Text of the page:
Good stuff here, and it’s no coincidence I’m sure that Democratic MDs were excluded. Republican pols know that they have a special problem with vaccine uptake among their base…
…and in an era of crazed partisanship any endorsement from the other side risks alienating members of that base. So they made this pitch a GOP-only affair, hoping to persuade the remaining persuade-ables on the right. Watch, then read on.
Last year, the entire world was forced to face the COVID-19 pandemic head on. And now, we – the American people – have the opportunity to achieve peace of mind and live life as free as before by choosing to receive a COVID-19 vaccine. pic.twitter.com/nZoDxgPVVB
— Dr. Roger Marshall (@RogerMarshallMD) April 27, 2021
Roger Marshall told HuffPost that they worked with Frank Luntz on the messaging. Luntz’s takeaway from his focus groups with vaccine-skeptical Republican voters is that pitches from politicians don’t move them, even when that politician is Trump. What moves them is expert advice from medical professionals whom they trust. That’s why there are (some) white coats on display here: These guys are trying to combine their physician credentials with their Republican credentials to convince hesitant righties that getting vaxxed is the right thing to do medically but also not any kind of betrayal ideologically.
It’s a two-shot dose of encouragement, if you will.
The messaging tracks around the same lines. There’s a little bit of politics — note the salute to Operation Warp Speed — but the most important point is scientific, that there were no steps skipped or corners cut in the vaccine development and approval process. Luntz has heard that complaint repeatedly in his focus groups; you hear the same fear reflected in criticisms that the vaccines are “experimental.” Few messages may deliver more bang for the buck on vaccination than reassurances that nothing was overlooked in bringing the products to market.
Although the recent blood-clot snafu with Johnson & Johnson has complicated that, needless to say.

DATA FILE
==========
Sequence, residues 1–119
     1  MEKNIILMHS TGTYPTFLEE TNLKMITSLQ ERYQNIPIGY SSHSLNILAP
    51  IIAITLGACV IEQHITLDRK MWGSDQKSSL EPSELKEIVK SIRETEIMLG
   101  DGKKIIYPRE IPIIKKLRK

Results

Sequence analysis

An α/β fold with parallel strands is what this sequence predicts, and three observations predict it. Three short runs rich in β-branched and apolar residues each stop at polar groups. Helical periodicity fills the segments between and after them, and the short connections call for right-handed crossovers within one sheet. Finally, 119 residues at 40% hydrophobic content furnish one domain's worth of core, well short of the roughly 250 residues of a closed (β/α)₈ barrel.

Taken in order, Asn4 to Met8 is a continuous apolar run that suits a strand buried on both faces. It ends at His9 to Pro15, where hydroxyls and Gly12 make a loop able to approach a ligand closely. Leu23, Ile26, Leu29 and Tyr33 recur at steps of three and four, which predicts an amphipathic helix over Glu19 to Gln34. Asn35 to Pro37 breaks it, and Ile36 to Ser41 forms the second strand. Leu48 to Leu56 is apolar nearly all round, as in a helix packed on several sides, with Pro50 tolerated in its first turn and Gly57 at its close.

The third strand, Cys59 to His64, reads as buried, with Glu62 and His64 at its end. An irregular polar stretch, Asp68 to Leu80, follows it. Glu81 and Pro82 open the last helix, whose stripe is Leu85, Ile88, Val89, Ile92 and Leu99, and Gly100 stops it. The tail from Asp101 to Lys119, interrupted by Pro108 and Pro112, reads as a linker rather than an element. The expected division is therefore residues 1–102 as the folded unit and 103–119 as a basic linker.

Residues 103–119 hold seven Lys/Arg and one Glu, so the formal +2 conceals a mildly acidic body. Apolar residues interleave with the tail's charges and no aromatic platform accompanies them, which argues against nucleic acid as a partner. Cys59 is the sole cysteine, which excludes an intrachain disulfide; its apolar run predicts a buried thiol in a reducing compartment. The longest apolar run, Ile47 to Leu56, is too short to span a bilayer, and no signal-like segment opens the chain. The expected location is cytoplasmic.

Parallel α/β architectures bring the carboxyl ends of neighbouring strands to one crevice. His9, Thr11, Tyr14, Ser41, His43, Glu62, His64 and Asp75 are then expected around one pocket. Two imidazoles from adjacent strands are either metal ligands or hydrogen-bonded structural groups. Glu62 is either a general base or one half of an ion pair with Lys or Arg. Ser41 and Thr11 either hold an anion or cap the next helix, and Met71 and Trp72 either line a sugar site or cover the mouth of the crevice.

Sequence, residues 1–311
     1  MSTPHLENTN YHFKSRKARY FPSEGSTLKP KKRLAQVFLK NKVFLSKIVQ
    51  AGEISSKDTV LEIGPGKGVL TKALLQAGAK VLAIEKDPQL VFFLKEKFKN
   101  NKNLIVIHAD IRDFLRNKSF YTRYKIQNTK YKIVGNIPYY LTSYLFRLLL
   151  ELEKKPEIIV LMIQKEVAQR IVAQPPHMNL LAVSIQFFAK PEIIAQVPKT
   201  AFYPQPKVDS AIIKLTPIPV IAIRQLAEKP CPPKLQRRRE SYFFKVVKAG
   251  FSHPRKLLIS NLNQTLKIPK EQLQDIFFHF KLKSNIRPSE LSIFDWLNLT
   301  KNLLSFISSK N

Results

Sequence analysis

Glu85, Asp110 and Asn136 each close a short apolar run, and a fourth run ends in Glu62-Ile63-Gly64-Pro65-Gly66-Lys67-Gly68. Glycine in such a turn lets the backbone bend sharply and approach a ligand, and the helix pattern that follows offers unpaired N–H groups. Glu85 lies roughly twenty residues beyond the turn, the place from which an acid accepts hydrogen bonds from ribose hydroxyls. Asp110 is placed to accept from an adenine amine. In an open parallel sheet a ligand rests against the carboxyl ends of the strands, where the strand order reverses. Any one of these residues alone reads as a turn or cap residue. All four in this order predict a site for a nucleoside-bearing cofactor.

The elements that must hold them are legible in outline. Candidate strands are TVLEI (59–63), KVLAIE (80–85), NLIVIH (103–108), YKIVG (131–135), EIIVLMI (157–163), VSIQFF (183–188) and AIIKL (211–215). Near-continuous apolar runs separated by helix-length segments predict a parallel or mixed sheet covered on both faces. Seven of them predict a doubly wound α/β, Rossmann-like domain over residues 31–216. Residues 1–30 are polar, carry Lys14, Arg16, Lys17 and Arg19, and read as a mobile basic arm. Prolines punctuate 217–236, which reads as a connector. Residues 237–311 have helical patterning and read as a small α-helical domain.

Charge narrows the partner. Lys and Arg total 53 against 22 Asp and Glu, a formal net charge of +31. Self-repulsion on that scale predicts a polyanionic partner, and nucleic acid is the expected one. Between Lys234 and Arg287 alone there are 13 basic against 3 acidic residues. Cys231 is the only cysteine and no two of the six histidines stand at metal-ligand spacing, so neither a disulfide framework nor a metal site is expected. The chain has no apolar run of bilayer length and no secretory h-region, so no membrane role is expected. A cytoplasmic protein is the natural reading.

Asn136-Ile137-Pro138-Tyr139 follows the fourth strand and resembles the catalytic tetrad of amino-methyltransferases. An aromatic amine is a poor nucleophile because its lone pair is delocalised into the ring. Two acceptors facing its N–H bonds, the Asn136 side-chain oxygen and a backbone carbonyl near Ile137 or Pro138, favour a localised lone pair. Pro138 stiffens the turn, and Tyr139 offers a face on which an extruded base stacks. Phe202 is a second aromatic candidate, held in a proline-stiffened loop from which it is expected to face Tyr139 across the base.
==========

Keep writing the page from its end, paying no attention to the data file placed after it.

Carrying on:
On the opposite end of the “good advice” spectrum from this Marshall et al. ad lies this new clip from Joe Rogan, who can’t figure out why young adults should get vaccinated:
Spotify’s Joe Rogan encourages "healthy" young people not to get a coronavirus vaccine. His show is Spotify's most popular podcast.
“If you're like 21 years old, and you say to me, should I get vaccinated? I'll go no.” pic.twitter.com/5dX98xUaHS
— Alex Paterson (@AlexPattyy) April 27, 2021
Good thing this guy doesn’t have a gigantic audience of young adults hanging on his every word.
The flaw in his thinking is the same as it was in Ron Johnson’s last week: If the goal is to reach herd immunity, the point at which all precautions can be dropped because the virus simply isn’t spreading in a meaningful way anymore within the population, then as many people as possible need to be immunized. That includes kids, even though they’re at small risk of serious illness. Every human being is a vector of transmission until they have antibodies, and every vector of transmission is a potential laboratory for some dangerous new variant to emerge. There’s no great individual benefit to kids or 21-year-olds in being vaccinated, but there’s a huge community benefit potentially.
And of course, there are some twentysomethings who do get very sick from COVID despite the low risk. Including some participants in Rogan’s favorite sport.
But oh well. In a messaging competition between Rogan and a bunch of well-meaning but largely anonymous Republican politicians, it’s no contest. Exit question: Was Rand Paul, an ophthalmologist, invited to appear in this video as well? If not, why not? If so, why’d he turn it down?